This time we were more fortunate with the ferry and found out that it would actually leave on Friday. So we packed our backpack for the first time since our attempt of climbing Jebel Toubkal in Morocco and prepared for roughly a week on the Bjagos Islands.
We decided for the cheap “seats” on deck of the old and rusty ex-Greek ferry and watched the people loading our vessel to the top. Surprisingly we left the harbour in time and were off at a slow pace towards Bubaque, one of the more populated islands. The journey was uneventful for a couple of hours before the first islands of the archipelago got in sight. Fabian had secured himself a little spot on a rice bag to sit on but struggled to defend his territory against noisy and pushy teenage girls. Whilst we were boiling away in the sun the life on board went its way. Women were making fires and grilling fish, beer was sold out of cool boxes, teenagers got more and more drunk and an elderly woman with not the best voice sang for most of the evening.
In the meantime there was a lot of shouting between the captain and the mechanics and something just did not seem to work as it should, as the boat was moving in snake lines. Apparently we were driving on only one engine. That might explain why the journey extended for more than 9 hours before we could finally make out the jetty in Bubaque. The docking manoeuvre turned out be a huge challenge as well and the captain was clearly unhappy with nobody following his shouted orders.
Eventually we got off the ferry and a little bit lost trying to find our accommodation in the dark. We stayed with a Senegalese guy from Ziguinchor with only bucket shower but were perfectly happy with that and sleeping in a bed again for only the second time on our trip. Our initial plan to head to the island of Orango first to see saltwater dwelling hippos failed due to our late arrival and the pirogue leaving early the next day. So we settled in for a week on Bubaque.
Bubaque itself turned out to be very relaxed with a slow pace of life. People were friendly but reserved apart from the small children who loved nothing more than to yell Branko (white person) whenever they spotted us. Sometimes it even turned into a humming and singing – we call it the Branko-song! Apart from a few local bars and one or two European run restaurants there was little to distract from the tranquillity of the place.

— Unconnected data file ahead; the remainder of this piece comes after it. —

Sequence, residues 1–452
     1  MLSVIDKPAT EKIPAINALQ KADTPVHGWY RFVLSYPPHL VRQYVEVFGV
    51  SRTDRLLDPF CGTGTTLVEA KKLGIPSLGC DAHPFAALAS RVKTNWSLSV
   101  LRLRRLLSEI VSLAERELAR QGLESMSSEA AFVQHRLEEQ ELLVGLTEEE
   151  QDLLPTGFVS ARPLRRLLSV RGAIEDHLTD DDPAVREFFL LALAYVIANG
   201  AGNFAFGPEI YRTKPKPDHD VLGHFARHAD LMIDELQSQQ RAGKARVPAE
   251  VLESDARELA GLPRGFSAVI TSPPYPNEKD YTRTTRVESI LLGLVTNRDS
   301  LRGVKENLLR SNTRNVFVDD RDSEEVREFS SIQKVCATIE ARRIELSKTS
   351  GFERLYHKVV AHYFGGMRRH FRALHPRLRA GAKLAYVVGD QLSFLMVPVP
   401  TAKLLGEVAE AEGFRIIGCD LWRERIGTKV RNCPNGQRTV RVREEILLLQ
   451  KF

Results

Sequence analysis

We spent our days walking for hours and hours, strolled down in the evenings to the jetty to watch local children fishing and enjoyed beautifully prepared fish dishes at a little French place. One day we rented bicycles to drive the 15km to a deserted beach with wide swathes of sand and palms in the South of the Island. Other times Fabian tried his luck with fishing again with similar results as usual and we explored the abandoned buildings along the coast. The nights got more and more windy and we wished we had brought a blanket or sleeping back but enjoyed the unusually low temperatures during the day.
An attempt to leave Bubaque before the departure of the ferry on Sunday with a speed boat failed due to the closing of the Bissau airport. As there were no new customers to be picked up we had to unpack again and enjoyed a few more days on the island before coming back to Bissau.
Christmas will most likely be spent somewhere on a jungle track in Guinea Conakry. Luckily we got a German Butterstollen as a gift in Gambia which will be our Christmas feast. 🙂
Merry Christmas in advance to everybody who might be reading here and you will hear from us next year!